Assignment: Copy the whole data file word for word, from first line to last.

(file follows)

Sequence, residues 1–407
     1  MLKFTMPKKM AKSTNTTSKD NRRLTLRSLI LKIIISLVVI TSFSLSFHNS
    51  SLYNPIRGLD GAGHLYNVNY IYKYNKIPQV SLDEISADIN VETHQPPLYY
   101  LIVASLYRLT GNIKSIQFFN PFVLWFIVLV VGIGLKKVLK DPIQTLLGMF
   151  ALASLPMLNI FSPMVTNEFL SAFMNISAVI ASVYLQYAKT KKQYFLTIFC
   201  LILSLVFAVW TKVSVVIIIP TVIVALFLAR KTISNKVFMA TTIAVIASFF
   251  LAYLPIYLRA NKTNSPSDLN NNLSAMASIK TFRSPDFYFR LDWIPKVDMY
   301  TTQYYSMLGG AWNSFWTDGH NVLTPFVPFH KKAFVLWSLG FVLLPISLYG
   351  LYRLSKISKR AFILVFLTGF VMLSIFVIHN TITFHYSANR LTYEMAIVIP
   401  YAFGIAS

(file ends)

Sequence, residues 1–407
     1  MLKFTMPKKM AKSTNTTSKD NRRLTLRSLI LKIIISLVVI TSFSLSFHNS
    51  SLYNPIRGLD GAGHLYNVNY IYKYNKIPQV SLDEISADIN VETHQPPLYY
   101  LIVASLYRLT GNIKSIQFFN PFVLWFIVLV VGIGLKKVLK DPIQTLLGMF
   151  ALASLPMLNI FSPMVTNEFL SAFMNISAVI ASVYLQYAKT KKQYFLTIFC
   201  LILSLVFAVW TKVSVVIIIP TVIVALFLAR KTISNKVFMA TTIAVIASFF
   251  LAYLPIYLRA NKTNSPSDLN NNLSAMASIK TFRSPDFYFR LDWIPKVDMY
   301  TTQYYSMLGG AWNSFWTDGH NVLTPFVPFH KKAFVLWSLG FVLLPISLYG
   351  LYRLSKISKR AFILVFLTGF VMLSIFVIHN TITFHYSANR LTYEMAIVIP
   401  YAFGIAS